(2016) Chetty, Renitha.; Proches, Cecile Naomi Gerwel.
    ABSTRACT The knowledge management concept was introduced to the Contact Centre approximately eight years ago, therefore the study focused on the implementation of the knowledge management concept at SARS in Durban. The aim of the study was to understand the perception of knowledge management; the benefits and challenges of knowledge management, as well as the role that the leadership team played in the implementation of knowledge management. The research methodology chosen for the study was of a qualitative nature. This research methodology allowed for an interpretative approach that obtained an in-depth understanding of the implementation of the knowledge management concept. Data was obtained using semi-structured interviews conducted on a total of 20 respondents comprising of Management and Staff from the Contact Centre at SARS who had used the system for approximately eight years. Some of the common themes that emerged were quality, service delivery, customer service and communication. The study confirmed that the knowledge management concept was indeed implemented and sustained successfully, with minor improvement requirements. The research findings indicated that there was a positive perception towards how knowledge management was implemented and that there was an understanding with both leaders and staff that such a system is beneficial to the organisation. Some of the key findings noted were training and development, service delivery, customer service, technology, communication and the role of leaders. Some of the key recommendations indicated that learning styles need to be addressed since people learn and absorb knowledge differently. Social media management as a process enhancement could be implemented to improve service delivery and the taxpayer experience. Future research should focus on implementing the knowledge management concept in other divisions within SARS.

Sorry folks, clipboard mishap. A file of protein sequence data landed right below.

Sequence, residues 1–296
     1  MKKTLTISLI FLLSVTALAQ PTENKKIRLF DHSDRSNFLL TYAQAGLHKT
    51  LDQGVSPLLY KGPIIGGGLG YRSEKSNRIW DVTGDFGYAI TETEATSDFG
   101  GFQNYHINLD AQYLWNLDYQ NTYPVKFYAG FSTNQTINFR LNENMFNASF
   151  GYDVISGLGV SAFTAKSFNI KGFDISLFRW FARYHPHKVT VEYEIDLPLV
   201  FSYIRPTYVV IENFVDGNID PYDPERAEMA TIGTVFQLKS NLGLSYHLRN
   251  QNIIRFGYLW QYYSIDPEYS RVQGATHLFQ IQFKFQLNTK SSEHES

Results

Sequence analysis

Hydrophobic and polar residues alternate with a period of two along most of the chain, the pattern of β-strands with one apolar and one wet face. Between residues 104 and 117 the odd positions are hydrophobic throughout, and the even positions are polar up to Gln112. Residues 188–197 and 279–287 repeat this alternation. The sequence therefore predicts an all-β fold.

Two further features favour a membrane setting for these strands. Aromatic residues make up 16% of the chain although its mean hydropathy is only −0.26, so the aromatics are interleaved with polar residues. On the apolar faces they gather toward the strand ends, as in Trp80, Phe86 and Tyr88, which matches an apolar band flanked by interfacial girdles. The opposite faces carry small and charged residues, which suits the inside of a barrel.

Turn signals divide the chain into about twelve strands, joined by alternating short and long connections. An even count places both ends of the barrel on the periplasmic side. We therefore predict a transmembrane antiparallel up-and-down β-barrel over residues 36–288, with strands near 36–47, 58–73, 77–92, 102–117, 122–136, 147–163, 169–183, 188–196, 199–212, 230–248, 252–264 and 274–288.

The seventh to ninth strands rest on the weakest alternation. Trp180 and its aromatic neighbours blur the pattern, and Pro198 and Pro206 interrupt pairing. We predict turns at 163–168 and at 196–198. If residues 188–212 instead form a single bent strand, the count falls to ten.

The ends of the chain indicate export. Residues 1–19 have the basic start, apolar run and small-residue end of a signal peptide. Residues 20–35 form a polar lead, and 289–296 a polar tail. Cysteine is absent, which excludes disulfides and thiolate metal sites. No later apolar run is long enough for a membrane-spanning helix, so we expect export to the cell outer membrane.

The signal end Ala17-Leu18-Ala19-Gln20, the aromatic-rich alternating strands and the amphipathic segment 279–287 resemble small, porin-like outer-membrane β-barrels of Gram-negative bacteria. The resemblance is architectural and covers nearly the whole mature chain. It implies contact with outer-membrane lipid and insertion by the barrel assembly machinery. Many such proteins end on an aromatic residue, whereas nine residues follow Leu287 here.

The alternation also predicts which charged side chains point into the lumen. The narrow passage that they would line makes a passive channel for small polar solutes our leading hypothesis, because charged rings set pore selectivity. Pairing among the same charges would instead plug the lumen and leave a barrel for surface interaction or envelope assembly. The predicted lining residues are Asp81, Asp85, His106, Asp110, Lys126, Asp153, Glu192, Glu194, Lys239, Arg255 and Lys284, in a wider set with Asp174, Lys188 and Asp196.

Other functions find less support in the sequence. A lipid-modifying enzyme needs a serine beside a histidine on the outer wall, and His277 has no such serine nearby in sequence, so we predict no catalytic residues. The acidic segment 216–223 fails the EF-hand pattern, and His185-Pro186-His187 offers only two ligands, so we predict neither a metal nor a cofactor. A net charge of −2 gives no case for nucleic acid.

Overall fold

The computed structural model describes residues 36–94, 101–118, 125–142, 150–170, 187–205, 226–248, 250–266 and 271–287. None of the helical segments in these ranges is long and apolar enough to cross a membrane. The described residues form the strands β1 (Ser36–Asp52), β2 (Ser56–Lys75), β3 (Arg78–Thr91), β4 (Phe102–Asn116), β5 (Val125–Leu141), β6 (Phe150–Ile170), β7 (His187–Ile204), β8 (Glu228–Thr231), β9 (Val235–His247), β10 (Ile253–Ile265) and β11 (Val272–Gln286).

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    Factors affecting the roll-out of penetrative broadband delivery in KwaZulu-Natal.
    (2016) Manilall, Santosh.; Mutambara, Emmanuel.